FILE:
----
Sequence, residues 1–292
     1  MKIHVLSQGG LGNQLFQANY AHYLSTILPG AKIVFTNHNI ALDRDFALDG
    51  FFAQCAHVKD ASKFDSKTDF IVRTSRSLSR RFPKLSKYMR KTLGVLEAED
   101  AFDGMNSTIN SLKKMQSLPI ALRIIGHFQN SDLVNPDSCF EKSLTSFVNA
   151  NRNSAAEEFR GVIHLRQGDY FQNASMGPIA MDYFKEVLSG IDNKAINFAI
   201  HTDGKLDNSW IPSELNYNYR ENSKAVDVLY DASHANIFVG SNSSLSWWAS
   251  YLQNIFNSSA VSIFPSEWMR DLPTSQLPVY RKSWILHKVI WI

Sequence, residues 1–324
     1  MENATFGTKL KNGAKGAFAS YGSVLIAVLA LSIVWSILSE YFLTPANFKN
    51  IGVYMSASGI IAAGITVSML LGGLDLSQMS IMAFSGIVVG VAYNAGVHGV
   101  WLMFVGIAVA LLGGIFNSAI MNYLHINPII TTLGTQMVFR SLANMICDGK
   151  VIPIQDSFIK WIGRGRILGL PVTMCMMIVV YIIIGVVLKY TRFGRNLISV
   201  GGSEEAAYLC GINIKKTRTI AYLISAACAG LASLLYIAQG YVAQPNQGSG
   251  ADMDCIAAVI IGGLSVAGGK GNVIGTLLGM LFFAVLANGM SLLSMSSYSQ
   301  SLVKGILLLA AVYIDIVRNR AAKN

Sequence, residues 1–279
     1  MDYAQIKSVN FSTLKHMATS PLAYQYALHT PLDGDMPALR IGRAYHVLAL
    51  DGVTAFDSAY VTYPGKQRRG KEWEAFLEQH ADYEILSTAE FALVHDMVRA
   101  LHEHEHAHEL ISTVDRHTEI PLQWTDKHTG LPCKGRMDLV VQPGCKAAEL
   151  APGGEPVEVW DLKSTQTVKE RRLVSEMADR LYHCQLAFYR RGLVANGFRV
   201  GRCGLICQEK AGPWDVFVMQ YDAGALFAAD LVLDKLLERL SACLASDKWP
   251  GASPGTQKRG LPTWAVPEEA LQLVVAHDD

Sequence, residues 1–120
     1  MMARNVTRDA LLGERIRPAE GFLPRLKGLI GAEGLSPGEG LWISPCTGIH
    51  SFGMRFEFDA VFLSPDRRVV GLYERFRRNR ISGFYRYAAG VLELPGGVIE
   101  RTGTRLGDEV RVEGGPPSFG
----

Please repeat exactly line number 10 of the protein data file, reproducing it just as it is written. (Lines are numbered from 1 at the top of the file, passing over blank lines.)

    51  IGVYMSASGI IAAGITVSML LGGLDLSQMS IMAFSGIVVG VAYNAGVHGV